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PAPER DREAM follows the story about a prideful Chinese woman who enlists a ghostly creature's aid to connect with her lost daughter in 1930s' Angel Island Detention Center. Guided by a riddle, she transfers her affection to her stepdaughter and blindly ostracizes a young woman she deemed as a bad influence for the latter, leading to devastating consequences. 

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In honor of Women’s History Month, the Museum of Chinese in America is proud to collaborate with Playwright Lyra Nalan to present a staged reading of PAPER DREAM in remembrance of women detainees on Angel Island, the chief port of entry for Chinese and other immigrants from Asia.

Popularly known as “Ellis Island of the West,” Angel Island immigration station was created in 1910. Different from Ellis Island, which reinforced the U.S. immigration laws that restricted but not excluded European immigrants, it enforced immigration policies that singled out Asians for exclusion, particularly Chinese immigrants, after the implementation of the Chinese Exclusion Act in 1882. Cases involving Chinese received particular scrutiny due to perceived widespread attempts to circumvent Chinese exclusion through purchasing the papers and identity of Chinese American citizens, or “paper son” system. To ascertain false claims, Chinese were subjected to interrogations with detailed questions concerning family history, relationships and day-to-day life that typically lasted two to three days, and sometimes even longer. Because of these harsh interrogations, Chinese immigrants had one of the highest rejection rates at the Angel Island Immigration Station. Chinese also made up the majority of the detainee population, around 70%. Between 200 and 300 men and 30 to 50 women were detained at any given time (The Making of Asian America, Erica Lee, pp. 96-100).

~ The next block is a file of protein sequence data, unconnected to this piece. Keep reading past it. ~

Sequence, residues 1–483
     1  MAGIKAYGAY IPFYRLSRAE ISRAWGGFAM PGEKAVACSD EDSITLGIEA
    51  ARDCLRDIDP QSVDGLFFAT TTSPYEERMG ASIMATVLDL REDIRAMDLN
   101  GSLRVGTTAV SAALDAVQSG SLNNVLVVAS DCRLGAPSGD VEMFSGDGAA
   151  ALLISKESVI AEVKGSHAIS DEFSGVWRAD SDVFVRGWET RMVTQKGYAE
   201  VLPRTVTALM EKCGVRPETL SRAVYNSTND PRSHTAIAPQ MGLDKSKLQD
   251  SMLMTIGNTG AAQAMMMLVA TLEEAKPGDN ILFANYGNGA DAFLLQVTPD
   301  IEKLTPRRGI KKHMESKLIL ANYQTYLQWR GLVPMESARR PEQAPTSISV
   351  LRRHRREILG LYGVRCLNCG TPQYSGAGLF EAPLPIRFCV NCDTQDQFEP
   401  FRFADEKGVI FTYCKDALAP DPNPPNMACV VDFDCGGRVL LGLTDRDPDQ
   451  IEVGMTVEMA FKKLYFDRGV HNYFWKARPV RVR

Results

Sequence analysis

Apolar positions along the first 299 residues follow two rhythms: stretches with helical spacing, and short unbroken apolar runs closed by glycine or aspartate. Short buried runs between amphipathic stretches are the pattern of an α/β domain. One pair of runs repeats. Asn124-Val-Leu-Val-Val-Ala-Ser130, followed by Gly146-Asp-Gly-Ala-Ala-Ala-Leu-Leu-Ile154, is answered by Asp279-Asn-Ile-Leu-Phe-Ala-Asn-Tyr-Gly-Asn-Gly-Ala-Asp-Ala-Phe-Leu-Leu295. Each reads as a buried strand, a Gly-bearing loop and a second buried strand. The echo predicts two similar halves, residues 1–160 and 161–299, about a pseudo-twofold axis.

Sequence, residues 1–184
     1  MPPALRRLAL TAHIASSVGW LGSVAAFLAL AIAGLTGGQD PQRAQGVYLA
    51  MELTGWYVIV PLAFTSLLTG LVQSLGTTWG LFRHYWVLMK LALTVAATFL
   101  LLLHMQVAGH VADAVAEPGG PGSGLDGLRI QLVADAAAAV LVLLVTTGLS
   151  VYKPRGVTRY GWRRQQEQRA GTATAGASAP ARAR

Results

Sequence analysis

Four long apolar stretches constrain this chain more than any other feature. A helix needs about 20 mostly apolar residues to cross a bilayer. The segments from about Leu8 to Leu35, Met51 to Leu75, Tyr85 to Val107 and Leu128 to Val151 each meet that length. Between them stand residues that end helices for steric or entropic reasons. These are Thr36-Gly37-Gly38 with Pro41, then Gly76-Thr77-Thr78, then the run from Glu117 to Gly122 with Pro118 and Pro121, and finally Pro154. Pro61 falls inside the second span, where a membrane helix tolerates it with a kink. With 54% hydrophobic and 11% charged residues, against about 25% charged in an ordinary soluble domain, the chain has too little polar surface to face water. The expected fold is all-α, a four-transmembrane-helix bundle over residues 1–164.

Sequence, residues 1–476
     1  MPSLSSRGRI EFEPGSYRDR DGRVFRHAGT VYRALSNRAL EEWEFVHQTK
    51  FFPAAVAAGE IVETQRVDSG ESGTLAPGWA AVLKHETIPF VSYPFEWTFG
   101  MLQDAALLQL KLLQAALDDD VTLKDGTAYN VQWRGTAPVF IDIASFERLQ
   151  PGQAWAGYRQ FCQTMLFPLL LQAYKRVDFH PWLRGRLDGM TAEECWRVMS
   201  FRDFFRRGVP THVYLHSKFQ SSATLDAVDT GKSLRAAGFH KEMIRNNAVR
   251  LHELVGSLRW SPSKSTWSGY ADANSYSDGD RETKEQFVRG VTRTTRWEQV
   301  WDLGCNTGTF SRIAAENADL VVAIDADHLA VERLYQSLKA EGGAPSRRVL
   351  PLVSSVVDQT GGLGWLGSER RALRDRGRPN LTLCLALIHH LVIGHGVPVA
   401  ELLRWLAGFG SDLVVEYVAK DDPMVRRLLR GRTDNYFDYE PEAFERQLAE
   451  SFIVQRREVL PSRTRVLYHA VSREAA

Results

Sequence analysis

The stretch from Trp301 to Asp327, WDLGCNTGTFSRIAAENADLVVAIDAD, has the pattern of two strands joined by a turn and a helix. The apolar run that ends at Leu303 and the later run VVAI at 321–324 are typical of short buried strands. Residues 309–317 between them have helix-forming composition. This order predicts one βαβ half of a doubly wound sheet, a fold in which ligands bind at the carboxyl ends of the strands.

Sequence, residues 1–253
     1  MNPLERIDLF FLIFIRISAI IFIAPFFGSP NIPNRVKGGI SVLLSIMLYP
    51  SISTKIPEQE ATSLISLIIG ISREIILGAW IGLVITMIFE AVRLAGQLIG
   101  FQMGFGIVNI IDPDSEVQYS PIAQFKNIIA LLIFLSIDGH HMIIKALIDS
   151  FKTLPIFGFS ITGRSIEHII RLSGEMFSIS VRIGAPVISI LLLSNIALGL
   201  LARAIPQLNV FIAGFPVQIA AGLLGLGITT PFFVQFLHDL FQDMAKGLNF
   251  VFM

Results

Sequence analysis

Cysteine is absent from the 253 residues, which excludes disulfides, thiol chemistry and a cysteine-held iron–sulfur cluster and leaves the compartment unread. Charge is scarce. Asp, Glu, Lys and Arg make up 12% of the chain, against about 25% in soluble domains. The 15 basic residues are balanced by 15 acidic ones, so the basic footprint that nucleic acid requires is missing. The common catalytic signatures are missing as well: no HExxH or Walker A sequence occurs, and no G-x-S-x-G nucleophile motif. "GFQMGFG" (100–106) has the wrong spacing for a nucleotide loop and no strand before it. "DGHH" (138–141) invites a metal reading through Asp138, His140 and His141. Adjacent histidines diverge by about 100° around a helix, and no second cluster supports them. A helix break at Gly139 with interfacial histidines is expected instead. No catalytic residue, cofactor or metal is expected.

Set in 1930, PAPER DREAM follows the story of a former Chinese aristocrat attempting to bring her daughter to America but finding herself trapped in Angel Island Detention Center with a working-class mother and a young woman with a questionable past.

March 9, 2024
3:00 pm – 5:00 pm

About Playwright Lyra Nalan

Lyra Nalan is a Chinese playwright based in Brooklyn. She received the Judith Royer Award for the play “Paper Dream” and has been nominated for the Susan Blackburn Smith Prize and the Smith Prize for Political Theatre. Her work has been showcased or developed at the Kennedy Center, Cherry Lane Theatre, Miranda Theatre, Pan Asian Repertory Theatre, Adventure Theatre MTC, Avant Bard Theatre, among others. Lyra is currently working on a commissioned project with Silk Road Rising Theatre, is a Three Brothers Theatre Resident Playwright, NY-playground Writer, and BMI bookwriter. Lyra is incredibly grateful and thrilled to collaborate with MOCA! Lyranalan.com.

About Director Nina Zoie Lam

Nina Zoie Lam is a former modern dancer with Cloud Gate Dance Theater of Taiwan turned musical theater performer for 25 years; now a director, dramaturg, educator and co-founder of National Asian Artists Project. Nina made her Broadway debut in the original company of Miss Saigon, danced in national touring companies of King and I, A Funny Thing Happened…Forum, A Chorus Line among other shows. Directing credits include national tours of King and I, Bombay Dream, Miss Saigon, Cinderella at New York City Opera, works at Joe’s Pub, Pan Asian Repertory Theatre, Museum of Jewish Heritage, NYU and Berklee College of Music Graduate Musical Theatre program. Nina is a Brown University graduate.

Special thanks to the developmental reading with the Miranda Theatre Company’s Liz Smith Reading in 2020 and Playwright’s Grant.